O Divine Poesy, goddess, daughter of Zeus, sustain for me this song of the various-minded man who, after he had plundered the innermost citadel of hallowed Troy, was made to stay grievously about the coasts of men, the sport of their customs, good and bad, while his heart, through all the sea-faring, ached with an agony to redeem himself and bring his company safe home. Vain hope – for them. The fools! Their own witlessness cast them aside. To destroy for meat the oxen of the most exalted Sun, wherefore the Sun-god blotted out the day of their return. Make this tale live for us in all its many bearings, O Muse.
– from Homer’s Odyssey, translation by T.E. Lawrence (Lawrence of Arabia)
I try to remember that I am the villain in somebody else’s story.
In 2016, Republicans took control of the White House, Congress, and ran the table in Missouri.
But that wasn’t good enough for many Republicans. Some wanted to win only on their own terms. They wanted Burkean conservatives or Establishment lap dogs. They wanted cradle cons, not converts. Sore winners. Perennial losers.
Those who despised Trump and Greitens from the get-go see themselves as the heroes of their story. Same for those who once championed the Greitens cause but have since turned on him. They see people like me as the villains. That’s just the way our brains work. We are each the protagonist in the hero’s journey that we write in our minds.
The archetypal hero’s journey is, of course, Homer’s Odyssey. After the battle of Troy, Odysseus wants only to return home with his crew. But many obstacles block his way. As Lawrence so perfectly described Odysseus’ plight: “the Sun-god blotted out the day of their return.”
The more you pay attention the more you see Republicans destroying for meat the leaders who delivered them from their long exile. Trump and Greitens, being imperfect, have become for some Republicans sacrificial beasts.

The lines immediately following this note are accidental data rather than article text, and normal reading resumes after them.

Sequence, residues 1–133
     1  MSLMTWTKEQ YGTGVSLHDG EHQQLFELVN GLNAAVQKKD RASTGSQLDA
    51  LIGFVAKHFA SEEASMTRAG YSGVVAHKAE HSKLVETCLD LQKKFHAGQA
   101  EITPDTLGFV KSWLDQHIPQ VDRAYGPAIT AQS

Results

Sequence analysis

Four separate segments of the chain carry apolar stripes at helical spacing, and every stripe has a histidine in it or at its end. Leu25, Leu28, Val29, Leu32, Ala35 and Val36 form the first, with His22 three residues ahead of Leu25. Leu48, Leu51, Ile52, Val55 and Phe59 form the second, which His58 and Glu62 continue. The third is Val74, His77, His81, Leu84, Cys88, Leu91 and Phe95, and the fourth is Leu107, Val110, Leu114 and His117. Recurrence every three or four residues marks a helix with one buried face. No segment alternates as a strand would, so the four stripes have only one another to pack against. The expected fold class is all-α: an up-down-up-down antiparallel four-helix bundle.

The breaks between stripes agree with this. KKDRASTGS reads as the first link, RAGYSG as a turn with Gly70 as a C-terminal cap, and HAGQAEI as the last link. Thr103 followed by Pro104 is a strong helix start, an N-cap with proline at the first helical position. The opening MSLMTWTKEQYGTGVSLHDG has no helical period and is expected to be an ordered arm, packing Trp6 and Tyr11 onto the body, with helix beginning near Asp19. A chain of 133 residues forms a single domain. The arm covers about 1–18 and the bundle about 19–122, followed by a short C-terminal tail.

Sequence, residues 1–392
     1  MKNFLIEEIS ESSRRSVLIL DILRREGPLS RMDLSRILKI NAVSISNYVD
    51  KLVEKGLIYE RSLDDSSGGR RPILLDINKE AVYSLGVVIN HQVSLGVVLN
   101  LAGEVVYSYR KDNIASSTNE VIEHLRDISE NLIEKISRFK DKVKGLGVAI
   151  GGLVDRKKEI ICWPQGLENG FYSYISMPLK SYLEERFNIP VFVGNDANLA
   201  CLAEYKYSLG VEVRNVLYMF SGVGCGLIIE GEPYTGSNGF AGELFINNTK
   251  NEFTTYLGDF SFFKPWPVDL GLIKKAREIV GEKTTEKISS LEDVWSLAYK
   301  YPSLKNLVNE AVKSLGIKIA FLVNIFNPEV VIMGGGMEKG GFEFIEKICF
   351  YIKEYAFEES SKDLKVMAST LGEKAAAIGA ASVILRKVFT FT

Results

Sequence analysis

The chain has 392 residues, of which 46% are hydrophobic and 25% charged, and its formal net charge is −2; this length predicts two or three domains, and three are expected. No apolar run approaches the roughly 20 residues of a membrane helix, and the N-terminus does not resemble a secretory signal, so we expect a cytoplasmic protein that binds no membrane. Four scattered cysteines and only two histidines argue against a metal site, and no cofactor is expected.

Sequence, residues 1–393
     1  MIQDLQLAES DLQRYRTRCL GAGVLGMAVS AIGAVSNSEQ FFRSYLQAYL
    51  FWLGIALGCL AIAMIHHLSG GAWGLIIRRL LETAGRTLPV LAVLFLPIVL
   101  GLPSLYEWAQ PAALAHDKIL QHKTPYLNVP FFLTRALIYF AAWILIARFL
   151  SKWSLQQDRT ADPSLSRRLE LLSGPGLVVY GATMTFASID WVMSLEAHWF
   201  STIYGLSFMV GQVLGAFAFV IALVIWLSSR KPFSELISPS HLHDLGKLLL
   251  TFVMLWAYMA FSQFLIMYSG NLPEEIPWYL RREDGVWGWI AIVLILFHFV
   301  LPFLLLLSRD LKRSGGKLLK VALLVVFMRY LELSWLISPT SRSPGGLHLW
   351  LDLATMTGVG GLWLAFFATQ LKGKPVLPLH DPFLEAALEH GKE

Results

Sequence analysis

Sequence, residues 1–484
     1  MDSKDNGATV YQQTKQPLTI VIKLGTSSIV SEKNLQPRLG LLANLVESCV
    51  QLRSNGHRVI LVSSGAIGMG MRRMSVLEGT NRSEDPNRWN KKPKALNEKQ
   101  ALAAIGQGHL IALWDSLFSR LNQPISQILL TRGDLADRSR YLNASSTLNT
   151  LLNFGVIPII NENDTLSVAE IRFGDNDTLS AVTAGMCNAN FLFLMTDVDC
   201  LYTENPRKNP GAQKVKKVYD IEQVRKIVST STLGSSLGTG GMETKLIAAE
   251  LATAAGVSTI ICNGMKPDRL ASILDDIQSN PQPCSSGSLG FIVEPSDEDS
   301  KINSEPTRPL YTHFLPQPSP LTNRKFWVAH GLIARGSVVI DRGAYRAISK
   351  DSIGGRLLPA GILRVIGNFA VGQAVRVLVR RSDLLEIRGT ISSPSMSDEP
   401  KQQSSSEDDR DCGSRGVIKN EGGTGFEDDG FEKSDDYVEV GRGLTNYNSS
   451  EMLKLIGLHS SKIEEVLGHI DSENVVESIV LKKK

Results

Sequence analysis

I am sure the Republicans calling for Greitens to resign believe they are defending some lofty principle. A principle that prevents victory. They would rather see America become Sudan and Missouri become California than defend and support a president and governor whose styles and indiscretions deviate from the standards they hold for themselves.
In their narratives, they are the heroes. They see themselves as principled.
But I wonder.
[Question Josh Hawley’s motives here]
Odysseus could have (should have?) abandoned his foolish men and returned home alone. His men caused most of Odysseus’s pain and delay. Those men violated all the principles that Odysseus bound to himself.
But Odysseus never abandoned his crew, the fools who caused him so much agony. The crew, who were each the hero of his own mental story, died in the wine-dark seas.
For one instant they rode black upon the water, upborne like sea-fowl on the heaving waves past the black ship. Then the God ended their journey home.
For his leadership and loyalty, Odysseus returned home while his men, for their foolishness, did not.
In the odyssey of Eric Greitens, are you Odysseus or are you the crew?